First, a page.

Particle Synthesis – Research Area A1
Nicolas Vogel started his work in Erlangen as W2 Professor for Particle Synthesis at the Institute of Particle Technology on December 1, 2014.
He studied chemistry at the Johannes- Gutenberg-Universität in Mainz and Seoul National University, Republic of Korea and received his PhD at the Max Planck Institute for Polymer Research in Mainz in the group of Prof. Katharina Landfester focusing on the generation of surface patterns with colloidal monolayers in 2011. In 2012 he joined the Biomimetic and Biomineralization group of Prof. Joanna Aizenberg at the School of Engineering and Applied Sciences at Harvard University. Research Area A1 Functional Particle Systems will be greatly strengthened by his expertise and research experience in colloidal synthesis and characterization, their self-assembly in two and three dimensions and the creation of materials and surface structures from colloidal templating. Prof. Vogel replaces Prof. Oliver Diwald who accepted a call to the Department for Materials Science and Physics at the University of Salzburg.
Prof. Dr. rer. nat. Oliver Diwald
Particle Synthesis – Research Area A1
Oliver Diwald joined EAM as Professor for Particle Synthesis at the Institute of Particle Technology (LFG) in May 2009. As part of his professorship, Oliver Diwald was involved in the activities of the Center for Functional Particle Technology of the EAM. In April 2013 he took a new position at the Department for Materials Science and Physics at the University of Salzburg.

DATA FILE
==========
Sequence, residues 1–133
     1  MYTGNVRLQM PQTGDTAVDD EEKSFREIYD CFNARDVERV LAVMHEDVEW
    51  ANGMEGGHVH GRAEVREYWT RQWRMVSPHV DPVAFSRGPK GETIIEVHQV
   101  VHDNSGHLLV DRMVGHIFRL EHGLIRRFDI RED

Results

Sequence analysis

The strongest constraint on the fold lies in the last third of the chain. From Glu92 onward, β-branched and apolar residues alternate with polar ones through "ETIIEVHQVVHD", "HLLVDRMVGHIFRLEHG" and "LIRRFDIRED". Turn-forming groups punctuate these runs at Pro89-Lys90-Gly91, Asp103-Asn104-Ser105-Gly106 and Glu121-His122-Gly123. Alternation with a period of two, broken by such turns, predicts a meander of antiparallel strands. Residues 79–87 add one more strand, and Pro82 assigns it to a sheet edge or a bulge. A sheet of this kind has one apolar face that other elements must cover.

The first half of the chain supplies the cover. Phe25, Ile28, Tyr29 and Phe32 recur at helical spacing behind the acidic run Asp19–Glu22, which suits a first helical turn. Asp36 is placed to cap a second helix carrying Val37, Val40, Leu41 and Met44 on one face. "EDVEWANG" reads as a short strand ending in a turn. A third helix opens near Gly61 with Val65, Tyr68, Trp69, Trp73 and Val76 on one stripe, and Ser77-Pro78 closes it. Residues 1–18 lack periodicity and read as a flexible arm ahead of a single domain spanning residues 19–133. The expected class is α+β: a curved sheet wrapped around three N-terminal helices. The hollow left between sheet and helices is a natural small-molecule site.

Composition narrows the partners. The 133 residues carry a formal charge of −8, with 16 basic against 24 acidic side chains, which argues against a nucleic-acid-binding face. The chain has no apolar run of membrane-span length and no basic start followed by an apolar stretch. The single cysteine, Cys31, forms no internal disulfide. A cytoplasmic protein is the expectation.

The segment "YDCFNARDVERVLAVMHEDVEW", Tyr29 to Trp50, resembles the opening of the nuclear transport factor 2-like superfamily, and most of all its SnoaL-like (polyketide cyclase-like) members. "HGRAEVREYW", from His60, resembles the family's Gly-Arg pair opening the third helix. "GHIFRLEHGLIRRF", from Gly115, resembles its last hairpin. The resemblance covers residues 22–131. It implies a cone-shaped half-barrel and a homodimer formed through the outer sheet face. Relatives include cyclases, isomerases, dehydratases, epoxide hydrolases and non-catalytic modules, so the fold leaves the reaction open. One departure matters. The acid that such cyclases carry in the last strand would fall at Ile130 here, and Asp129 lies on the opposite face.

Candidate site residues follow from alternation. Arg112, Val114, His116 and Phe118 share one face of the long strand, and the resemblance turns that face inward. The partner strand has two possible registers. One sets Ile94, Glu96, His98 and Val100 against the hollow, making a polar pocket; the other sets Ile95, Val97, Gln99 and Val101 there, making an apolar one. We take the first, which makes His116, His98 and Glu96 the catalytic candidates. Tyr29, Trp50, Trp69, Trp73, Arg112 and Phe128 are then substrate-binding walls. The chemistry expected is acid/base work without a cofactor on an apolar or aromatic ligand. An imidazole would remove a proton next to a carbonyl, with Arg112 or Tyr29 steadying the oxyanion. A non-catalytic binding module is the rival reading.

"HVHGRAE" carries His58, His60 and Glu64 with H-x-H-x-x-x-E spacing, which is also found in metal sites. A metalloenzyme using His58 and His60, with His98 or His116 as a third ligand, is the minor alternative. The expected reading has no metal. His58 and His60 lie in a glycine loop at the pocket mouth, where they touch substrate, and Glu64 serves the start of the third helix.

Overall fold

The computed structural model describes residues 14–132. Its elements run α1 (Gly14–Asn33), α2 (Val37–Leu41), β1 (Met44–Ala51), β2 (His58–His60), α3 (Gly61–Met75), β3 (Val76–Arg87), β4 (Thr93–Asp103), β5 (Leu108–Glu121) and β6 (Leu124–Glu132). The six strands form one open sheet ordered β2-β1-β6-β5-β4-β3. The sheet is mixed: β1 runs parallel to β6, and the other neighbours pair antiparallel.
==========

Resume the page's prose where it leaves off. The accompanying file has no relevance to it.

In Erlangen Oliver Diwald and his group focused on the chemical and physical activity of specific local bulk and interface structures that contribute to a specific function of an oxide nanoparticle ensemble. Different particle synthesis techniques such as chemical vapor synthesis or hydrothermal processing have been used. These activities included methods for the controlled doping of the nanoparticle’s bulk and/or the surface as well as procedures that aim at the use of nanoparticles as support for the stabilization of another component at ultra-high dispersion. At the same time the Diwald group developed spectroscopy-based methods to quantitatively determine functional sites in powdered materials, such as chemically reactive surface species, optically active defects and impurities, or sites which control the fate of photo-excited states.